The protracted rebuild is tedious and trying. The Nets are in year four of a six-year process of getting back to zero. The Sixers had to bottom out for four seasons to nab Joel Embiid, Ben Simmons, and Markelle Fultz—a promising core with almost zero NBA experience and some rather large injury question marks. After LeBron James left for Miami, the Cavs spent four years tanking, more or less screwed everything up outside of drafting Kyrie Irving, and then LeBron came back and made the failed project look like a success. The Oklahoma City model hasn’t yet worked out for anybody, not even Oklahoma City, and perhaps its biggest drawback is its yawning indefiniteness: unpolished young talent accrues, the losses keep coming, and it’s hard to demarcate the beginning of phase two. Are we supposed to be excited for this season or is this another lottery year?

The Phoenix Suns have been aimless since Steve Nash left in the summer of 2012. What was once a perennially competitive franchise has hit the skids, unconvincingly trying to stay good in Nash’s absence (25-and-57 in 2013), then kind of getting the hang of it (48-and-34 in 2014; Goran Dragiċ ascends!), then crashing by accident (39-and-43 in 2015; that disastrous Dragiċ-Bledsoe-Thomas hydra); then crashing on purpose (everything since).

Not that the entire sequence has been a conscious rebuild, but for the price of four lousy seasons and a single medium-satisfying one, the Suns now have a roster where basically no one matters except Devin Booker, Josh Jackson, Dragan Bender, and Marquese Chriss. Booker is already special at twenty as a no-defense guard who can score from anywhere, but everyone else is still in the developmental stage of their careers. Marquese Chriss is a Tyrus Thomas-like athlete with unfortunately Tyrus Thomas-like offensive acumen. Bender is supposed to be a prototypically well-rounded European stretch big, but he’s barely NBA-caliber right now. Jackson is one of those forwards draftniks rave about until they get to the part about his jumper being completely busted. It’s impossible to pass judgment on those last three guys because they don’t have nearly enough professional experience yet, and it’s not an indictment to say they have serious flaws and are far from sure things. That’s true of a lot of young players who eventually make good on their potential. But they always inspire lots of anxiety in the process.

Because the under-twenty-ones aren’t going to figure everything out this year, the Suns are spending another season near the bottom of the standings. Brandon Knight has a torn ACL. Eric Bledsoe is forever on the trade block and can’t be counted on for more than about sixty games. Tyson Chandler and Jared Dudley are around to provide tutelage, not wins. Alex Len is eight more stagnant months away from signing for Real Madrid. There’s not much to analyze here: the Suns will be bad, mostly by design. If Booker makes a leap or Jackson is better than expected, they might be an entertaining kind of bad, but they’ll probably be one of a handful of teams most NBA fans forget about by December and remember only when the draft rolls around next summer.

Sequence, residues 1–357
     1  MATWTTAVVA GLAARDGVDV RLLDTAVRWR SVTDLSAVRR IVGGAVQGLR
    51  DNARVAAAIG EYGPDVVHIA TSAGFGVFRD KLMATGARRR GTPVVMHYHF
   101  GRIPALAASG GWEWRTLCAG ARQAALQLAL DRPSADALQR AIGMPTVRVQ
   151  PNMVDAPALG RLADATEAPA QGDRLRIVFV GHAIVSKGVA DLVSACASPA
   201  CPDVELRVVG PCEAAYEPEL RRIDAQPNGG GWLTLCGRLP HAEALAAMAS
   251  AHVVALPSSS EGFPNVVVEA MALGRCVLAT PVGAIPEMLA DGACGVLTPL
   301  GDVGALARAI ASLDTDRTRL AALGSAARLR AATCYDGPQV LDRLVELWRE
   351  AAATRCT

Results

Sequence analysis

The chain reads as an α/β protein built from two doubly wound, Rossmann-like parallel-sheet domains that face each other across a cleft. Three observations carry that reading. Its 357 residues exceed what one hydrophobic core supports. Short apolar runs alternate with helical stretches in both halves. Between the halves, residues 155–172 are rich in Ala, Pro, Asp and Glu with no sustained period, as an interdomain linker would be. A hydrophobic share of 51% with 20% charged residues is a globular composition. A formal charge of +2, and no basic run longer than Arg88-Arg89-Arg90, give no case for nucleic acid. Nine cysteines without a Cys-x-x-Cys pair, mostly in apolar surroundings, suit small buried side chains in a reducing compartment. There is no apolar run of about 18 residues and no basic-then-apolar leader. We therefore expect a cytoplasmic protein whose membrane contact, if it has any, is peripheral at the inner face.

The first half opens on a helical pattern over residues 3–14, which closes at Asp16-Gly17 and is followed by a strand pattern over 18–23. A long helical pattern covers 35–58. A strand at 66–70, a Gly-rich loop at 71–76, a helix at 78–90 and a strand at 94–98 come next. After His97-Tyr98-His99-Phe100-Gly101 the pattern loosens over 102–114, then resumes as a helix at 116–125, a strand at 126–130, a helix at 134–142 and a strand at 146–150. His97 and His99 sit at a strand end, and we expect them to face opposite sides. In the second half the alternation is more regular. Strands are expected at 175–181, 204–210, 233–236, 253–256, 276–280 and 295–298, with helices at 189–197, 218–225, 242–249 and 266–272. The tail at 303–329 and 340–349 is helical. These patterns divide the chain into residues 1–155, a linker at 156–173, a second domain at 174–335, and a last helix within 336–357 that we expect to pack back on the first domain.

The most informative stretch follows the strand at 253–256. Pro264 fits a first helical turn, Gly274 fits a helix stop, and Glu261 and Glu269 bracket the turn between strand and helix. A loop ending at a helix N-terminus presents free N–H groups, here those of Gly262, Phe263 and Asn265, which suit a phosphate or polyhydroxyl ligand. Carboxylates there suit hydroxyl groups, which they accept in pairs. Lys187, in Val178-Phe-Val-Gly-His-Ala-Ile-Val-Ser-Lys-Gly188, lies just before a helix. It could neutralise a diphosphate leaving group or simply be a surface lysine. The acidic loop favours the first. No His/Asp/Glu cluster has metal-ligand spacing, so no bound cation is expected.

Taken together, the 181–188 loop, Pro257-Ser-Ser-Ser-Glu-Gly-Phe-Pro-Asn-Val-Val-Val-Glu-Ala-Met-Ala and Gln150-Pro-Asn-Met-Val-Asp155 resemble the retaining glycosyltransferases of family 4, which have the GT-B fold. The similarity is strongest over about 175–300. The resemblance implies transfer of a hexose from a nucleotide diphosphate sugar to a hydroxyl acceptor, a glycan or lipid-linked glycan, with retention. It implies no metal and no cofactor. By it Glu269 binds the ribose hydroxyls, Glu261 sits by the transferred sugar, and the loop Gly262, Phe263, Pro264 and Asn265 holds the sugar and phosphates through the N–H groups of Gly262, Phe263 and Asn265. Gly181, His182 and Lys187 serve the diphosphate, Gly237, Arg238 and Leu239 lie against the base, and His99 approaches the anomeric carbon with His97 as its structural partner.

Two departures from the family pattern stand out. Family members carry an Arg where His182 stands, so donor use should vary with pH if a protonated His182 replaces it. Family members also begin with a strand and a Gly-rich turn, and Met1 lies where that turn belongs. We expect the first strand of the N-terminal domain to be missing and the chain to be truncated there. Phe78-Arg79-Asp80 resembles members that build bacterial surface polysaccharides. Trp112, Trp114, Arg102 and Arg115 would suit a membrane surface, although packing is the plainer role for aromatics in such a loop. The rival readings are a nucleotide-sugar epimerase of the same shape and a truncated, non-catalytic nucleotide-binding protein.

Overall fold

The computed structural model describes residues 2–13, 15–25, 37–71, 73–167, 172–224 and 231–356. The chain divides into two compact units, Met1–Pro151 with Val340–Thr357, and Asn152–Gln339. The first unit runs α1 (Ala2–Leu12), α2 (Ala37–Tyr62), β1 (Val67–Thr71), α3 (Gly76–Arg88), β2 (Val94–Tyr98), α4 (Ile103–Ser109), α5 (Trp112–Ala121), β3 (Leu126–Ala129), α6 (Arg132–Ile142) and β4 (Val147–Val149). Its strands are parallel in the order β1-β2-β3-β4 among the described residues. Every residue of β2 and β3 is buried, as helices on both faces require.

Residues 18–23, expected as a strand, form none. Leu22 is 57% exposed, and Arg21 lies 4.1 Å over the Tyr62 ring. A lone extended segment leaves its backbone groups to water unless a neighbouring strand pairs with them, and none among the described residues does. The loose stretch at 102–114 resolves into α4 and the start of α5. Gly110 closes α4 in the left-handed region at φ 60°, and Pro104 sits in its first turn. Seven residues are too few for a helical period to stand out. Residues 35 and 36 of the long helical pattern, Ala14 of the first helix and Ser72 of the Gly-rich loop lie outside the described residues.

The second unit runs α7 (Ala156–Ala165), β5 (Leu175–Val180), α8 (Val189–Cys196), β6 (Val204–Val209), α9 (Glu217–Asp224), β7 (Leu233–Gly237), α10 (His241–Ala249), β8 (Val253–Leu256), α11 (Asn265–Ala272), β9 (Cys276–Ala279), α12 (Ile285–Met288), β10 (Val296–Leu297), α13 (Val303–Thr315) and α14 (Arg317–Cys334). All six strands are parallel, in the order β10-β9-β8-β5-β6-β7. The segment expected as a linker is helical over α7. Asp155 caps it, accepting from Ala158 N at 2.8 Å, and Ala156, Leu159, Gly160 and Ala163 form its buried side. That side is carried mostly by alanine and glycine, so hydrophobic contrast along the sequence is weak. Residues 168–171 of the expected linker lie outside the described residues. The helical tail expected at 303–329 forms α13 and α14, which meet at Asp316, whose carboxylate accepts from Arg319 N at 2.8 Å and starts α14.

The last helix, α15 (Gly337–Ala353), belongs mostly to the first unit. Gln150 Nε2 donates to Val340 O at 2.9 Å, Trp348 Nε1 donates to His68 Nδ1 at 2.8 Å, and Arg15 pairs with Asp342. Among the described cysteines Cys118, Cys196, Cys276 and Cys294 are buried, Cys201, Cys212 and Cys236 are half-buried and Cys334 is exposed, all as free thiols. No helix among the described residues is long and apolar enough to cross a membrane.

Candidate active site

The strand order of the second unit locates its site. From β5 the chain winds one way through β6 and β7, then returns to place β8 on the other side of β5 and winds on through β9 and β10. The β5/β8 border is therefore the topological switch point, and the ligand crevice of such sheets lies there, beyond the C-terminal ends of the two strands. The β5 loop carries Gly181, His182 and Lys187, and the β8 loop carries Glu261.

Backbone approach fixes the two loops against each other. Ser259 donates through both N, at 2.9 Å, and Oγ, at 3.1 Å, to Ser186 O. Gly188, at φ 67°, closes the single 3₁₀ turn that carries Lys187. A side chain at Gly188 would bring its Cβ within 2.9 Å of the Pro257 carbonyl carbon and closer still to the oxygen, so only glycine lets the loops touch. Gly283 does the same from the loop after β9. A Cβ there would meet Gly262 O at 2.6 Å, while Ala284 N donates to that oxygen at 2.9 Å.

This is sound strategy—why should the Suns push for a playoff spot when they don’t have the horses?—but it’s also an unconvincing impression of an actual basketball team. It’s a franchise punting on existence for another season while making vague if not ill-founded claims that this will put them in a better position going forward. We don’t talk enough about how strange this is because we see the warped logic in it, but there aren’t many endeavors in which blatantly not trying to be good at a thing you’re trying to eventually get good at will help you succeed down the line. You can’t microwave dinners for three years and become a better cook, or train for a marathon by planting your butt on the couch. Yet every season we see teams pack it in before a single game is played and acknowledge it as the smart play. Because it is. It also sucks.

The NBA recently passed lottery reform that will go into effect in 2018-19 and accomplishes next to nothing. It flattens out some odds and makes tanking for the absolute worst record in the league as opposed to the third-worst a pointless pursuit, but what is that supposed to encourage? Is an awful team that was built in the summer for the purpose of being awful going to clinch a top-three lottery spot and then give it their all for the last five games of the season with their roster of rookies and scrubs? Completely randomize the draft order, use the wheel proposal, or abolish the draft. Anything less drastic won’t solve the tanking problem.

It is, by the way, fine if the NBA doesn’t want to fix this issue, but it’s aggravating that they’re pretending to. It’s not the most important thing in the world, but it does make the league worse and it leaves fanbases in limbo for extended periods of time, knowing their favorite team is technically doing the right thing but also wondering if and when they’ll be able to root for something other than ping pong balls again. The Suns could be a lot of things, but at the moment they’re little more than blank space. They’ll be that way for no one really knows how long. There’s no concrete plan, just the idea that staying put is a way to go far. They aren’t wrong, but something is.

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